On June 15th ARTBOOK @ Paper Chase hosted an evening with legendary surf photographer, Jeff Divine. In addition to hanging an assortment of awesome framed prints, Divine assembled a good old fashioned slide show, just as he used to do for his friends back in the 60s--in the basement of his grandmother’s house in La Jolla following a long day of surfing and shooting his fellow surfers. read the full post
Kick off your summer right!! Please join Jeff Divine for a book signing and reception at ARTBOOK @ Paper Chase on June 15th from 7 to 9 pm. The evening will also include an installation of Divine’s Surfing photographs and a special lecture on his 44 year career as a preeminent surf photographer. read the full post
Published by T. Adler Books. Edited by Tom Adler, Evan Backes. Foreword by William Finnegan.
If you were there, even just for some of it—Hawaii, California, surfing, the ’70s—the memories and stories will flow freely from these photographs. Jeff Divine was there for all of it, and these images have been culled from an enormous personal archive. Divine was shooting for Surfer, the monthly magazine that was the bible of the scene. His photos from this archive show the precommercialized era in surfing when the hippie influence still held sway. Surfers had their own slang-infused language and were deep into a world of Mother Ocean, wilderness and a culture that mainstream society spurned. Surfboards were handmade in family garages, often made for a specific kind of wave or speed, for paddling, ease of turning, and featured all kinds of psychedelic designs. Some were even hollowed out to smuggle hash from Morocco.
The color and black-and-white photographs collected here, taken throughout California on the coastlines at Baja, Dana Point, Laguna Beach, La Jolla, Malibu, San Clemente and Oahu, give a vivid image of this close-knit culture and the incredible athletic feats of its heroes and heroines.
Raised in La Jolla, California, Jeff Divine (born 1950) started photographing the surfing world in 1966. He held jobs as photo editor for 35 years with Surfer magazine and Surfer’s Journal. His works have been displayed worldwide in museums and galleries, as well as in books, magazines and media. In 2019 he was inducted into the Huntington Beach Surfing Walk of Fame for his contribution to surf culture in a career lasting 50 years.
PUBLISHER T. Adler Books
BOOK FORMAT Hardcover, 12 x 9.5 in. / 148 pgs / 110 color / 22 bw.
PUBLISHING STATUS Pub Date 3/10/2020 Active
DISTRIBUTION D.A.P. Exclusive Catalog: SPRING 2020 p. 40
PRODUCT DETAILS ISBN 9781942884606TRADE List Price: $39.95 CDN $55.95 GBP £35.00
AVAILABILITY Out of stock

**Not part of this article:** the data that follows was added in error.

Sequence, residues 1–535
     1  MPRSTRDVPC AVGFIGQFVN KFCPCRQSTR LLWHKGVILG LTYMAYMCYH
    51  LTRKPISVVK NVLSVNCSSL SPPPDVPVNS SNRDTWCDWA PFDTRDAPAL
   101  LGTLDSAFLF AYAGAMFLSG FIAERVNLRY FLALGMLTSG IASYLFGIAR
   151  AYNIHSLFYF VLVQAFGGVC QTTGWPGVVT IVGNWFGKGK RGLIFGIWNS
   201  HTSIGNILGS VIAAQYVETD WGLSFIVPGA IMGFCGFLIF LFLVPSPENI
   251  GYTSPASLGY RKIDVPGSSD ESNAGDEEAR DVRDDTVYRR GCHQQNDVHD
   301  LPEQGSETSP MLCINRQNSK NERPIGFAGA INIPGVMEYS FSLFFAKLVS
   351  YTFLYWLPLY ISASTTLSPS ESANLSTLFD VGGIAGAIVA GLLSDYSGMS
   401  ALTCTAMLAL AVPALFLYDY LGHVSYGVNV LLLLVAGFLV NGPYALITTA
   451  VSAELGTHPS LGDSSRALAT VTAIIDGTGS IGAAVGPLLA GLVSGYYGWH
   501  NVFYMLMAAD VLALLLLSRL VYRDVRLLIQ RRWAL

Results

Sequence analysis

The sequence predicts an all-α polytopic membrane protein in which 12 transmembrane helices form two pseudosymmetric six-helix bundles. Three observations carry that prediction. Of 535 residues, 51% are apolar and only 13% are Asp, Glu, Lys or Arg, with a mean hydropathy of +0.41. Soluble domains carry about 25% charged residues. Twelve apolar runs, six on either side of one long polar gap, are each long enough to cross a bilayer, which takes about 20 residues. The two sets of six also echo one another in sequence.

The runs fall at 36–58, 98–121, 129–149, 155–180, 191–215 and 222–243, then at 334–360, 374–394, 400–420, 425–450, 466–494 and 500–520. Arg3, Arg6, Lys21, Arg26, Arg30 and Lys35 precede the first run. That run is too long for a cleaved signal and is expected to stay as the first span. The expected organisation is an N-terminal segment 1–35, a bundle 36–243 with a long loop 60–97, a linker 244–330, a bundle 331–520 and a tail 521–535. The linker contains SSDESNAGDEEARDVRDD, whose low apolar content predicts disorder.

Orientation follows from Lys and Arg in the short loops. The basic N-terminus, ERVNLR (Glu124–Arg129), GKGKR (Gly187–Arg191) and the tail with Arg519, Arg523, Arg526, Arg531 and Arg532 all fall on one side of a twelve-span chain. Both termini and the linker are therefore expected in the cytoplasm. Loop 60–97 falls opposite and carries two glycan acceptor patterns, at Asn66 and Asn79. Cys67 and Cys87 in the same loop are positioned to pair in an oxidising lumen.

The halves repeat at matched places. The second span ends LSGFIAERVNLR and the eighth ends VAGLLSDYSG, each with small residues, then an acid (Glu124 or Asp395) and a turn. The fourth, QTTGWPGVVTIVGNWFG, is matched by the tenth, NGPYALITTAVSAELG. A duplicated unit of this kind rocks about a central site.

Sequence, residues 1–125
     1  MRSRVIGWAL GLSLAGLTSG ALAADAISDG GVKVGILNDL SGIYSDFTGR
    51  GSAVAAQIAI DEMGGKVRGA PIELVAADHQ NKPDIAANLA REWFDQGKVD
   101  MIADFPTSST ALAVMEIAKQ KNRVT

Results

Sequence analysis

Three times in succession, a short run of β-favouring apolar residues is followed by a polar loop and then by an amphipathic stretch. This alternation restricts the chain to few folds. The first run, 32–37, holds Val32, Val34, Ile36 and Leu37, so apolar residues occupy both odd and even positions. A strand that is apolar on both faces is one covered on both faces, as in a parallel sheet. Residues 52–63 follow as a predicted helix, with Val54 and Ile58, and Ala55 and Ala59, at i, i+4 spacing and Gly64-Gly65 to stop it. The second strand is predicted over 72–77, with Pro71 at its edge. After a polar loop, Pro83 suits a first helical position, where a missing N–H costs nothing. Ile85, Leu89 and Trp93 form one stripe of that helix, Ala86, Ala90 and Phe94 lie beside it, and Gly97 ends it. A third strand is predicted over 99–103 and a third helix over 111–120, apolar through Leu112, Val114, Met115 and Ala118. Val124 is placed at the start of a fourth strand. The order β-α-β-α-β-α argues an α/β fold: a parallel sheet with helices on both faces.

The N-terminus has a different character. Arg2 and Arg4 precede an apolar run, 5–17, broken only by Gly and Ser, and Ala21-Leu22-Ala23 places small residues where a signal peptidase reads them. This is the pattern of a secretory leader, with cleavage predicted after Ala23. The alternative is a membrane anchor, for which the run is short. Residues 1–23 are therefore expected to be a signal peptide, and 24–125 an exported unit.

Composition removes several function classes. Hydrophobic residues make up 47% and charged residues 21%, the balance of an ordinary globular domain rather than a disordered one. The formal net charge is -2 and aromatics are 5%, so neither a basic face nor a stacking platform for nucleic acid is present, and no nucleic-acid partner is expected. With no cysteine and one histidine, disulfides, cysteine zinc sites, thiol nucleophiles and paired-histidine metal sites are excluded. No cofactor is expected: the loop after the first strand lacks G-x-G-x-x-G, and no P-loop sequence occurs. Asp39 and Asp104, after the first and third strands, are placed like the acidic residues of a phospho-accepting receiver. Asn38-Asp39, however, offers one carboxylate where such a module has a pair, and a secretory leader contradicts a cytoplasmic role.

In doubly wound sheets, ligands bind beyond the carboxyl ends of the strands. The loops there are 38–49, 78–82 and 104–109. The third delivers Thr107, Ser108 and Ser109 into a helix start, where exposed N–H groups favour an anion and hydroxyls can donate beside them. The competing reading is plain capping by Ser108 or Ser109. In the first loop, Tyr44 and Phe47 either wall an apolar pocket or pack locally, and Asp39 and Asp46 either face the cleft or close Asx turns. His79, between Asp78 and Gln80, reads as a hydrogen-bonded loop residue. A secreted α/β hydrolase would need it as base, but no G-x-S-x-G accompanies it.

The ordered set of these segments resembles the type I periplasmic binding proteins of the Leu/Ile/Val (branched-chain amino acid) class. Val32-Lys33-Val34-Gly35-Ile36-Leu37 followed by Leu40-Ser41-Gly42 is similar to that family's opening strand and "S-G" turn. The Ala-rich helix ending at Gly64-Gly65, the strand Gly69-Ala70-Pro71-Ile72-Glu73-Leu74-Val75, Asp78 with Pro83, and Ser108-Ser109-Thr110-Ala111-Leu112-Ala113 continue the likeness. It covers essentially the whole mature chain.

STATUS: Out of stock
Temporarily out of stock pending additional inventory.
Published by T. Adler Books. Introduction by Scott Hulet. Foreword by Jamie Brisick.
On the heels of 2006's hugely popular Surfing Photographs from the Seventies, T. Adler Books now releases the companion volume, Surfing Photographs from the Eighties Taken by Jeff Divine. The 1980s were a tumultuous period in surf history, as the "everything's groovy" communalism of the previous decade was blown apart into splinter groups. Professionals, rebels, punks and world travelers all banged the drum for their personal vision of surfing. The result was loud and vivid and drenched in fluorescence and neon. Photographer Jeff Divine was on the case, documenting the changes from surfing's twin power poles: southern California and the north shore of Oahu. Divine's access to these scenes, earned from 15 years on the sand and in the water, infuse this volume with authenticity, as an insider look into the period's most definitive moments. Christian Fletcher's strident aerial sorties; the first high-dollar sponsored contests; the west coast cool of Tom Curren; the back alley attitude of Sunny Garcia: Divine brought it all home on Kodachrome 64. And while Wall Street and Madison Avenue were doing their damnedest to monetize the style and freedom of surfing, the sublimity of the ride itself remained unsullied.
Jeff Divine has been photographing surfing for 44 years, and has been the subject of three surf photography monographs. Among his previous books are Surfing Photographs from the Seventies (T. Adler, 2006).
Published by T. Adler Books. Introduction by Scott Hulet.
As a teenager taking pictures of fellow surfers in 1960s La Jolla, Jeff Divine got to know the original alternative sport before the X-Games were even a gleam in a producer's eye. Through this rare collection of photographs from the momentous decade that followed, he conveys the feeling of being on the beach in its most creative era, being present at the inception of a subculture too large and photogenic to stay down long. The style, the athleticism and the escapism in these images will be familiar to those with even a lazy eye on pop culture: surfing is on the rise again. Of its first time around, Divine says, "Yes, I had long hair. And Pendletons, Mexican wedding shirts, bell bottoms, Wallabies, Zig Zags and tuna, wheat bread, and sprouts in the fridge. Santana, The Dead, Jesse Colin Young, Steppenwolf, Moby Grape, The Stones, Beatles and Clifton Chenier on the stereo. Hippie seamstresses made us custom shirts with embroidered necks and coconut buttons. I had a beaded curtain through which you entered my den. No, I didn't have any black light posters, but I did have the Juan O. Gorman poster "Flores Imaginarias" and Ortner at 3M's on the wall. Reading material? The Life Photography Series, The Tibetan Book of the Dead, M.C. Escher art books, Zap comics, or the Carlos Castaneda series. But our prize possessions were our garage-made surfboards all lined up in the side yard. They mattered the most."